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Trouble Brewing: Are Nonprofits the Next Roslyn?

Joanne S. Barry

When the Roslyn School District financial scandal broke in 2005, the wrongdoing revealed was shocking in its audacity—$11.2 million in school funds stolen from the taxpayers of this Long Island village to fund the personal expenditures of former school district employees, including the superintendent, and a coterie of their friends, relatives, and associates.

Beyond shaking the public trust, the malfeasance cast an unfortunate light on the accounting profession. A 2005 report from New York's Office of the State Comptroller (OSC), “Anatomy of a Scandal,” deconstructed the events leading up to the convictions, calling the audit conducted by the district's disgraced independent external auditor “so flawed and so far below professional standards that it failed to identify the millions that were apparently misappropriated.”

The revelation led to statewide audits of school districts by the OSC as well as the adoption of reform legislation in the form of a five-point plan for school district accountability, drafted as a collaborative effort between the NYSSCPA, the OSC, the New York State School Boards Association, New York State United Teachers, the New York State Council of School Superintendents, and local Nassau County authorities.

While laudable, these actions were reactive rather than proactive. The audit quality issues identified by the Roslyn scandal provide a teaching moment for CPAs. The CPA profession has an opportunity to be in front of instead of behind the eight ball on this issue. Consider the billions disbursed annually to state and local governments and tax-exempt 501(c) groups—$500 billion was budgeted for the fiscal year 2009, according to the Government Accountability Office (GAO), not including the $300 billion earmarked through the 2009 stimulus bill (American Recovery and Reinvestment Act). Transparency and financial accountability in this area is essential.

The high-profile Roslyn scandal produced unpleasant aftershocks that harmed the public's view of the profession. A controversy of the same caliber in the nonprofit arena could have a similar result, but beyond a natural mindfulness of how CPAs are perceived lies the deeper issue of audit quality and an assurance that nonprofits are using qualified, trained CPA professionals to meet compliance requirements.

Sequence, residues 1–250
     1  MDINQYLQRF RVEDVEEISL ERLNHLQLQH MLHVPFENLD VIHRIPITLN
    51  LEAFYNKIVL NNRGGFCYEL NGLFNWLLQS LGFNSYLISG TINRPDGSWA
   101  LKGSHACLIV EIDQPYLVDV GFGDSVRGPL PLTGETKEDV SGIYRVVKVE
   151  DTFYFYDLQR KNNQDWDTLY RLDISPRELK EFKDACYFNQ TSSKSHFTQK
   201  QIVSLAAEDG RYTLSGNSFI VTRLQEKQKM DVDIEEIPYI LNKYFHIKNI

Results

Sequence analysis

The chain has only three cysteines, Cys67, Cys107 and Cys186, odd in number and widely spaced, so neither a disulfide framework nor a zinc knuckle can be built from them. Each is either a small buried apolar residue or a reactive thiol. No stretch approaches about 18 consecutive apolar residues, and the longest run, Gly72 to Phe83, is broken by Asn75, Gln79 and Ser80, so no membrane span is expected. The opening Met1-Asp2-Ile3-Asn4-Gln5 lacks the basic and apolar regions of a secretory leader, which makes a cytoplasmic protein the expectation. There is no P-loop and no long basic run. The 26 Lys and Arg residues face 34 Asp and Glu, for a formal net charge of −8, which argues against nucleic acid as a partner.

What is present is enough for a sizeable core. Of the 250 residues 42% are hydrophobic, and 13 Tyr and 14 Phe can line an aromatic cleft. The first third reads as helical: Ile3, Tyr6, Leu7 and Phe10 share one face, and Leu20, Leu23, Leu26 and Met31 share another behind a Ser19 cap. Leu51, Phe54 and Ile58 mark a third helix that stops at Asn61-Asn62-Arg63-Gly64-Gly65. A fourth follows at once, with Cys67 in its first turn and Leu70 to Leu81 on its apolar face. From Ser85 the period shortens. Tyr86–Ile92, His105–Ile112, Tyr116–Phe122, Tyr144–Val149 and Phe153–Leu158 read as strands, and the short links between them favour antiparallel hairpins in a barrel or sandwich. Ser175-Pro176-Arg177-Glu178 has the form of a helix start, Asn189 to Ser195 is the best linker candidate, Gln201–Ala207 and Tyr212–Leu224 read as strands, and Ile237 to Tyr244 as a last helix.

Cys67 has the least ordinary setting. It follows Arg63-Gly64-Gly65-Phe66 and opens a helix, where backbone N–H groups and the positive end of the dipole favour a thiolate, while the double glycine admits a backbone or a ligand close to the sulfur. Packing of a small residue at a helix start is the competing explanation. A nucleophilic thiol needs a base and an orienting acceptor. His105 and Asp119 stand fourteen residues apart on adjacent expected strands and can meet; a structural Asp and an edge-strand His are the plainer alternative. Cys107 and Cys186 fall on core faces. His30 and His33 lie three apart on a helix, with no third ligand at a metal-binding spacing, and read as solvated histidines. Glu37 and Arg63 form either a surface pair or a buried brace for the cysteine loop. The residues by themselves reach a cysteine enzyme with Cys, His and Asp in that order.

According to the National Center for Charitable Statistics, as of November 2010 there were approximately 104,000 registered nonprofits in New York State. Only California and Texas, with roughly 166,000, and 107,000, respectively, have greater numbers. With such a large number of nonprofits in New York, it is vital for these organizations to have audits on which the public can depend. Without them, is not difficult to imagine the potential impact on the public's confidence in nonprofit organizations and charitable donations, as well as in the audit profession itself.

Many nonprofit organizations are small and understaffed, and, in this economy, they are fighting to keep their doors open. A May 2010 GAO report found that nonprofits often struggle to cover the costs of doing business, which can lead to “compromised quality of important administrative functions, including information technology, human resources, legal, and accounting operations.” Therefore, nonprofits, with an eye understandably on the bottom line, may often take the lowest bidder when looking for an auditor.

The CPA's Responsibility

It is within the power of the CPA profession to assume responsibility and ensure that due professional care is taken in audits of nonprofit organizations. Government agencies like the Office of Management and Budget (OMB) and the GAO depend on CPAs to help guarantee that the billions of federal award dollars distributed to nonprofits each year are spent in the manner intended. And so does the public.

While it is true there could be more Roslyns brewing that we are not yet aware of, what it really comes down to is quality. Regardless of how much auditors charge for their services, or why they choose to provide these services at lower rates (building a practice or going through a slow season), quality is not a commodity. Auditors may charge lower fees for an acceptable reason, but that does not mean that they should lower their standards along with those fees. It's a simple business decision: Are the hours that have been dedicated to complete an engagement enough to perform a quality audit?

While CPAs are responsible for performing quality audits, the organization purchasing these services is obligated to be an informed consumer. The NYSSCPA has been a standard bearer and bridge builder between the CPA profession and New York nonprofits by matching nonprofit boards with CPA volunteer members for years. Our members have also dedicated hours of time speaking to nonprofit and governmental groups across the state in an effort to educate them on the right qualifications to look for and what to avoid in an auditor. But it's not enough. Society members have helped various state agencies with audit compliance issues in the past; perhaps it's time for a more permanent partnership with the state. We don't want to be comparing a future scandal to Roslyn—we want to be on the front lines in helping to prevent it.

Joanne S. Barry. Publisher. The CPA Journal, Executive Director, NYSSCPA, jbarry@nysscpa.org.

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